In the furthest Southeastern part of the Saitama prefecture lies the small commuter town of Misato City. The suburb that serves as home to many employees of Tokyo, also serves as the headquarters for CCE; a fairly new, by some standards, tuning shop that offers a one-stop option for a variety of cars. The president, Yoshihiro Nakamura, chose this FD3S to serve as the companies flagship build. It’s gone through minor changes each year for the past several years, but I think that it’s current state is one that strikes a good balance between street and track; a goal that many enthusiasts in Japan strive for.
CCE brought the demo car out to Tsukuba for the annual Mazda Fest – an automotive festival celebrating the heritage of the long standing manufacture, highlighting the ever-popular Mazda RX7. Purposefully held on the 7th of July (a little ahead of schedule this year), ‘Sevens Day’ is the ideal date to praise the RX7 chassis.
The CCE FD3S was built in part to showcase CCE’s ‘Pleasure’ line of aero parts; a product line that aims to be the end-all balance for street and circuit. Marketed to those who enjoy driving a spirited car, that is occasionally used on track, the ‘Pleasure’ aero parts accentuate a style akin to that of a factory car while still providing aerodynamic assistance on track. Without the extremely aggressive styling of a dedicated track car, the practically of having a daily commuter remains intact.
Nakamura has gone one step further this year, and added louvres to the front fenders, and a Kagotani rear diffuser. The GT wing on back is put on only at the circuit, and for most days the Pleasure rear wing sits atop the carbon hatch. Carbon doors shave a good 100kg of weight from the RX7, providing an additional advantage on track.
The car has come a long way in it’s development. Back in 2011, the best the FD could manage was a 1’05 around TC2000 on street tires. 5 years later, and Yasuoka Hideto, the hired driver, was able to lap the circuit in nearly one minute flat; coming across the line at 1’00.019.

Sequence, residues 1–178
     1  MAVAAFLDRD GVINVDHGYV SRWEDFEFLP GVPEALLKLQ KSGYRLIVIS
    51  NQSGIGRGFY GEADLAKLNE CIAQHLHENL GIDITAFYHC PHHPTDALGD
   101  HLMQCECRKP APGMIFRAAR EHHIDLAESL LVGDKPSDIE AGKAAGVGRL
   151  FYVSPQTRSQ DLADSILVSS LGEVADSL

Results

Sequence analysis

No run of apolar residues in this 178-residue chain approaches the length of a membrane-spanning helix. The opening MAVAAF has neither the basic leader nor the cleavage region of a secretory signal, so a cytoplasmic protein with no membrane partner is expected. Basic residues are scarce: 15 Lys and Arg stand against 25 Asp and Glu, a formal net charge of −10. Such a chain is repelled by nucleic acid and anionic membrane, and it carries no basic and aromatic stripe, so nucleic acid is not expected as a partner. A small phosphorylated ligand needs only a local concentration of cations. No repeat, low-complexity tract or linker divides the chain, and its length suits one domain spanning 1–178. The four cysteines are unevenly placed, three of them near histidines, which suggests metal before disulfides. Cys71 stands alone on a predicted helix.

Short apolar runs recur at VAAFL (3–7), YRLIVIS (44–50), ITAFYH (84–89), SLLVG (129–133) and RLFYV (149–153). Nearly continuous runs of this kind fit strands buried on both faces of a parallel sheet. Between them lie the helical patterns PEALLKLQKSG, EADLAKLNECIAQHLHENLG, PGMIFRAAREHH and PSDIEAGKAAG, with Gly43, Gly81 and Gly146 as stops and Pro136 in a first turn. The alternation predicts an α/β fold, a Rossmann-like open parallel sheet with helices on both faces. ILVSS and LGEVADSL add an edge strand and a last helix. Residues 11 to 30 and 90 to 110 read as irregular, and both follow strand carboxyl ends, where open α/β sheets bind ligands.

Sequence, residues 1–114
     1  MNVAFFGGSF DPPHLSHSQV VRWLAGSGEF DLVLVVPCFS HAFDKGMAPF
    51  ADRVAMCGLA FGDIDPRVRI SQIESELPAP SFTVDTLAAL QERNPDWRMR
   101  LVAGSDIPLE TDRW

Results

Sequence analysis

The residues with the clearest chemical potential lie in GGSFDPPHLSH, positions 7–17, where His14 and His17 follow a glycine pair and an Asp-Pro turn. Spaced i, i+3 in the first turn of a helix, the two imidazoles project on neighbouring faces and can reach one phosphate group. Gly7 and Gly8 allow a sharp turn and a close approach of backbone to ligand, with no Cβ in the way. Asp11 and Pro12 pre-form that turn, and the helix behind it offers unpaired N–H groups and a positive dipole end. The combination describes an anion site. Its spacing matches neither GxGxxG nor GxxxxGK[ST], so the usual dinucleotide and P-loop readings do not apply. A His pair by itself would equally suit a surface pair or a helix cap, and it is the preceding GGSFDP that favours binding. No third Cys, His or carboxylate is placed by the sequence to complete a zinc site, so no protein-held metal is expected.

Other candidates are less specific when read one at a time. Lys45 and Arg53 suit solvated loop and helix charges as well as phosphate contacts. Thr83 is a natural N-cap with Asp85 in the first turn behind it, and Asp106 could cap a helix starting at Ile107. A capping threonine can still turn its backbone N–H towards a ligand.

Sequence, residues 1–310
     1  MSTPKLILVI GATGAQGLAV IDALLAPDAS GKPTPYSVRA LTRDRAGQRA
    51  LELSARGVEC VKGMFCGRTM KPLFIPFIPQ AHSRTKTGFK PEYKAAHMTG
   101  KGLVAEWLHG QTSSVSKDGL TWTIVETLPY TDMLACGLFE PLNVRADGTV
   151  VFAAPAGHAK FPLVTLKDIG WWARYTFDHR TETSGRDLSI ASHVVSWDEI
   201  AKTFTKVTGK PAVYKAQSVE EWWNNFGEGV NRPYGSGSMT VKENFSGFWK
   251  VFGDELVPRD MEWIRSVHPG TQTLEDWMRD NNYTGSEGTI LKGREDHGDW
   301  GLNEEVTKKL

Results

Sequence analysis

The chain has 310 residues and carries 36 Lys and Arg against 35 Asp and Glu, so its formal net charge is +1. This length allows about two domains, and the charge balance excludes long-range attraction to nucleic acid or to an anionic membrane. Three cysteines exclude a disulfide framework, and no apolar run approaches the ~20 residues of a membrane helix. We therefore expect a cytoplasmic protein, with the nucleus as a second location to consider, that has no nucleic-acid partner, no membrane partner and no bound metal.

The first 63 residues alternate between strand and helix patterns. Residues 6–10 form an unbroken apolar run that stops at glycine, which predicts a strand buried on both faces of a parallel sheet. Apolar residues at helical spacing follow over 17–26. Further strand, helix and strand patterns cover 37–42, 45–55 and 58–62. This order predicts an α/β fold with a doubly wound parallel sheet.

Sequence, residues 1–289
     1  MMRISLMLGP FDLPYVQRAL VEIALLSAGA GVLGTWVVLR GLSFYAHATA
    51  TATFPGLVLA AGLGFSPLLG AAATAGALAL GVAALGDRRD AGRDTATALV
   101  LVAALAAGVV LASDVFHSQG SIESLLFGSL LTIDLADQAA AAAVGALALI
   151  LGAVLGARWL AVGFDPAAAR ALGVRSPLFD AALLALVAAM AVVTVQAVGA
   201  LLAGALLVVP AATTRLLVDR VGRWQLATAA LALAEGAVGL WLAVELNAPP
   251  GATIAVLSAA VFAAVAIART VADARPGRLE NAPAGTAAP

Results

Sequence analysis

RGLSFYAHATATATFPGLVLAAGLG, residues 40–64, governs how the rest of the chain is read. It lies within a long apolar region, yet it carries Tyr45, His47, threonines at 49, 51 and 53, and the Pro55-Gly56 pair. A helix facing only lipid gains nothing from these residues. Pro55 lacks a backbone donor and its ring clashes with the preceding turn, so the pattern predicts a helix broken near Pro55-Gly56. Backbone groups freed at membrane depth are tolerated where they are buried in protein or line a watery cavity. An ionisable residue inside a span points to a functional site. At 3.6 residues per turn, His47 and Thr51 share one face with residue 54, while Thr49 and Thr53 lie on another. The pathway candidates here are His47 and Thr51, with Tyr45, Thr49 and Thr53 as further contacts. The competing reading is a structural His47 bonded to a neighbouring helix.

I suppose now would be a good time to mention that the 13B that resides underneath the RE bonnet is completely stock, with the exception of an increase in boost. No trouble passing ‘shaken’ with this car.
Custom side skirts assist in both styling and aerodynamics on and off track.
Craft Square mirrors, a staple in styling, adorn each of the carbon doors.
Bridgestone RE-71R’s are wrapped around a set of 18″ forged TWS T66F wheels. A unique wheel choice that matches the car well.
Hideto headed back out after a few test laps. The CCE team was able to make many laps during the open run sessions, making full use of their time to test the cars different settings.
Out on track you can get an idea of what Nakamura was going for with the styling of his aero parts lineup.
Tire pressure check and adjustment.
It’s always neat to watch the evolution of cars throughout the years, especially when the owners are aiming to create a balance between track and daily life. It’s a very common thing in grassroots motor sport, throughout the world actually, to drive your car to the track and drive it home. To see someone work to make the best of it is really inspiring.
Awesome write up Sean. It’s crazy how rare FD’s are here in the states compared to Japan.
They were produced in Japan for much longer than they were in the States.
You’re saying 100kgs saved for just the carbon doors? That’s 212 lbs! I sincerely doubt that figure since a single door weighs about 50-60kgs. You can pick them up and move them yourself.
Maybe he was including the hatch in that 100kgs?